These new Texas laws go into effect in 2024, including ones for DEI, taxes, e-cigarettes

A new year means new Texas laws.

Most bills in Texas went into effect Sept. 1, but 30 laws will start on Jan. 1 — including measures related to taxes, e-cigarettes and diversity initiatives at universities.

Here are a few to know.

Franchise taxes

Senate Bill 3 was part of a package of tax relief measures passed by lawmakers during a special legislative session. Proposals to cut property taxes, which were approved by voters in November, got more attention. But also among the policies was a break on franchise taxes for Texas businesses.

The bill lets taxable entities to exempt $2.47 million of their total revenue from franchise taxes. Currently about $1 million is exempt. Bill authors estimate the change will eliminate franchise taxes for 67,000 small to medium sized businesses, according to the Senate Research Center.

Entities that do not owe any franchise taxes will no longer have to submit a No-Tax-Due form with the Texas comptroller.

HOA fines

Homeowner association members: This is a good one to know.

Under House Bill 614, property owner associations that can issue fines must now adopt a policy for issuing fines that outlines violation categories, fine amounts and information about hearings.

Associations are required to post the policy online or send a copy to property owners each year.

The new law only applies to fines due on or after Jan. 1.

Property taxes

Several new laws related to property taxes and appraisals will go into effect in the new year.

They include House Bill 796 , which requires appraisal districts to keep a public database with information about protest hearings online.

Senate Bill 1381 says that when person who is 65 or older and receiving a homestead exemption dies, the person’s spouse can get the exemption in the next tax year without again applying. The surviving spouse must still otherwise qualify for the exemption.

House Bill 4077 aims to ensure that those who are 65 and older automatically get homestead exemptions they qualify for without having to apply.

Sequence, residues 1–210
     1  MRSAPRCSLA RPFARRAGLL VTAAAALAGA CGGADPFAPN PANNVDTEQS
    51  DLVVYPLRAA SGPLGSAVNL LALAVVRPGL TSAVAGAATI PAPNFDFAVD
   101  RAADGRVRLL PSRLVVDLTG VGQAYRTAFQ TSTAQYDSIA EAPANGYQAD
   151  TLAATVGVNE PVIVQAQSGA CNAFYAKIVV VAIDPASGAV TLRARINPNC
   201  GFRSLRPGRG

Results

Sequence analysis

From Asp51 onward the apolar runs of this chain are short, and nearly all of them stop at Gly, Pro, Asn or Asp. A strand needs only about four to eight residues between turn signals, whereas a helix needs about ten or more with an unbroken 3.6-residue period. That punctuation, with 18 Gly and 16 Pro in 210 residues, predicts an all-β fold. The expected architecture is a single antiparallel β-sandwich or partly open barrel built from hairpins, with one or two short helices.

Health insurance costs

House Bill 4500 requires health care insurers to have a secure website where hospital and emergency medical staff can look up, at any time, if someone is covered by their health insurance plan and the patient’s deductible, co-pay or coinsurance.


Marketing electronic cigarettes to children is a crime in Texas starting Jan. 1.

House Bill 4758 makes it a Class B misdemeanor to market, advertise or sell e-cigarettes if the product’s packaging:

  • Depicts a cartoon character mimicking a character used to entertain children.

  • Mimics a trademark for a product marketed to minors.

  • Includes a symbol used to market a product to minors.

  • Shows a picture of a celebrity.

  • Includes an image of a food product, including candy or juice.

Breaking the new law could result in up to 180 days in jail and a fine of up to $2,000.

DEI at universities

Senate Bill 17 limits diversity, equity and inclusion initiatives at public universities and colleges.

The new law says universities cannot have a diversity, equity and inclusion office. Also including among the restrictions is a ban on requiring someone to take a diversity, equity and inclusion training to enroll or work.

The bill says a university cannot “give preference on the basis of race, sex, color, ethnicity, or national origin to an applicant for employment, an employee, or a participant in any function of the institution.”

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